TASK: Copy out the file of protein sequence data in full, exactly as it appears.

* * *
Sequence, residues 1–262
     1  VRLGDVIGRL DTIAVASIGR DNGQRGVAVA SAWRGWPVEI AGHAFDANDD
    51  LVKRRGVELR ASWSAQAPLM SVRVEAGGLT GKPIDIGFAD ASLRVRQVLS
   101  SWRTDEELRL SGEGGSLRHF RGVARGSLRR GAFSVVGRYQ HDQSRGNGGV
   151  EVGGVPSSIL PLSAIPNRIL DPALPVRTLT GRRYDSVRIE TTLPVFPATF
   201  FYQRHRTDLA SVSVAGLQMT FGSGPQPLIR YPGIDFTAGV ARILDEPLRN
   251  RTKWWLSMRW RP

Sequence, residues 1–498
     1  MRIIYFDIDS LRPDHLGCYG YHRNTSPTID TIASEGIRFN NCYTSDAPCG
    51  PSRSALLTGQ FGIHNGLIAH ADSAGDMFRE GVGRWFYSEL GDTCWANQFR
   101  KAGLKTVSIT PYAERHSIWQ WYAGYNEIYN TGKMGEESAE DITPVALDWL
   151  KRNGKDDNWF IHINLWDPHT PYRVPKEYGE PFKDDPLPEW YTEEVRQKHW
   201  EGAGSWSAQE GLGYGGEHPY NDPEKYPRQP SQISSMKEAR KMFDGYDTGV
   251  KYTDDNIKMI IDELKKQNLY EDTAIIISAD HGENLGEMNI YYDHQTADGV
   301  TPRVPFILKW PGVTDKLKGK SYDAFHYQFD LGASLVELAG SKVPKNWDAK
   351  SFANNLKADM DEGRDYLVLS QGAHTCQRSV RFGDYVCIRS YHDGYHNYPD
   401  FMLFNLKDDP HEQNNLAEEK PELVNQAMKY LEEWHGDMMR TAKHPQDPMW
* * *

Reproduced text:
Sequence, residues 1–262
     1  VRLGDVIGRL DTIAVASIGR DNGQRGVAVA SAWRGWPVEI AGHAFDANDD
    51  LVKRRGVELR ASWSAQAPLM SVRVEAGGLT GKPIDIGFAD ASLRVRQVLS
   101  SWRTDEELRL SGEGGSLRHF RGVARGSLRR GAFSVVGRYQ HDQSRGNGGV
   151  EVGGVPSSIL PLSAIPNRIL DPALPVRTLT GRRYDSVRIE TTLPVFPATF
   201  FYQRHRTDLA SVSVAGLQMT FGSGPQPLIR YPGIDFTAGV ARILDEPLRN
   251  RTKWWLSMRW RP

Sequence, residues 1–498
     1  MRIIYFDIDS LRPDHLGCYG YHRNTSPTID TIASEGIRFN NCYTSDAPCG
    51  PSRSALLTGQ FGIHNGLIAH ADSAGDMFRE GVGRWFYSEL GDTCWANQFR
   101  KAGLKTVSIT PYAERHSIWQ WYAGYNEIYN TGKMGEESAE DITPVALDWL
   151  KRNGKDDNWF IHINLWDPHT PYRVPKEYGE PFKDDPLPEW YTEEVRQKHW
   201  EGAGSWSAQE GLGYGGEHPY NDPEKYPRQP SQISSMKEAR KMFDGYDTGV
   251  KYTDDNIKMI IDELKKQNLY EDTAIIISAD HGENLGEMNI YYDHQTADGV
   301  TPRVPFILKW PGVTDKLKGK SYDAFHYQFD LGASLVELAG SKVPKNWDAK
   351  SFANNLKADM DEGRDYLVLS QGAHTCQRSV RFGDYVCIRS YHDGYHNYPD
   401  FMLFNLKDDP HEQNNLAEEK PELVNQAMKY LEEWHGDMMR TAKHPQDPMW